Hard-wired for it, I can't remember that thing called romance never being with me. Not in the gushy, girly-girl, over-the-top kind of way. Not that I can fault that. It is what it is. But rather so deep in my soul that it covers everything else. It rises to a three note tune and overwhelms me. The melancholy or the sensuality or the desire to immerse myself in its beauty. It's integral to who I am even when I don't know who that is.
This romance in my soul emerges from the sad, sacred sounds of Chris Botti's trumpet. It hovers inside me bringing all the insecurity of that first date. First kiss. Lips touching.
I sense the holiness intended -but corrupted.
The intensity of sensation that God intended for good. The genesis of romance from God's heart to the human will. Tainted but salvaged in potential obedience.
I can't take the sensuality away from it. Hand in hand they travel. Merging. Right or wrong.
I capture the essence of romance in my love story novels. Because I must. If I do nothing else well, I write romance - total immersion. Not demanding it conform to me or anyone else but that it treasure the gift of God to humanity.
The purist gift of souls and bodies merging changed, ravaged by sin. The contrast remains. The purity is lost. This is what I write about. Capturing that contrast because it's hidden from view even within the boundaries of faith, often unrealistically portrayed within the pages of Christian novels. Or worse: ignored.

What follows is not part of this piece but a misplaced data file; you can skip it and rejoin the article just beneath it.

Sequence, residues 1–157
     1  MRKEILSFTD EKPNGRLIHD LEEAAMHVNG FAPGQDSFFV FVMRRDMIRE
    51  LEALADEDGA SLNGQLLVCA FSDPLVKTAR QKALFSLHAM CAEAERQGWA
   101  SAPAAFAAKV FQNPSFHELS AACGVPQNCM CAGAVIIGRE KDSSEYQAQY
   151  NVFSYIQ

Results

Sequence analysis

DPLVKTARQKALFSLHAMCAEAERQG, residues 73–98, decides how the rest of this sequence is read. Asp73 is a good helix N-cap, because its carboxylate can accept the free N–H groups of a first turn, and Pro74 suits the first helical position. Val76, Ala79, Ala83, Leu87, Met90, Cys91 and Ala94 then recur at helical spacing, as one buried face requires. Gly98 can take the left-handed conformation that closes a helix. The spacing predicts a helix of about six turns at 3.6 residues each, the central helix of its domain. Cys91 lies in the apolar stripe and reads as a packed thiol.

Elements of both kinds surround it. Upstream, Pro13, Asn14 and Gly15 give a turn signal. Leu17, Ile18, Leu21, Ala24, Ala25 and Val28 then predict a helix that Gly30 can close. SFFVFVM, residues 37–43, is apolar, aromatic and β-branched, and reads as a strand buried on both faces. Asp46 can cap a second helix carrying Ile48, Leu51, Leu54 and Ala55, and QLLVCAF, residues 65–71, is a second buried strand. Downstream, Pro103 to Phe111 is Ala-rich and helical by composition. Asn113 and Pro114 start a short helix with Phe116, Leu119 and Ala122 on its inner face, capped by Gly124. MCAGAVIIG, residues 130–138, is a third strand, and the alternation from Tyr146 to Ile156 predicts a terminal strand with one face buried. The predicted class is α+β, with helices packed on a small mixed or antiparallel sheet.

I lived it from both sides. I've survived the shame and repentance. I can describe the curse of sin and how it applies to the worldview of romance. Because I've been there, I can write it. Like it is. Physically, emotionally, and spiritually. Contrast it. Make it real.
Christian publishing struggles in this reality. The romance in my soul demands honesty. Are we still hiding our nakedness from God? We can't. Our hearts lie exposed before Him.
Sweet little romances own their much-deserved place in Christian fiction. My question to readers is this: What's at the root of reading these kinds of novels? Is it the desire to return to the pre-sin Garden experience? Is it the desire for happily-ever-afters? Is it the desire to leave out the sensual apsects of romance and stick to the basics of simple attraction? Is it the desire to refrain from the "dangerous"? Please understand I'm not putting down the choice or reasons for reading these novels. I just want to know how the genre became so restrictive to the parts of romance that seem more "real" to me.
Nicole Petrino-Salter writes love stories with a passion. Visit her here.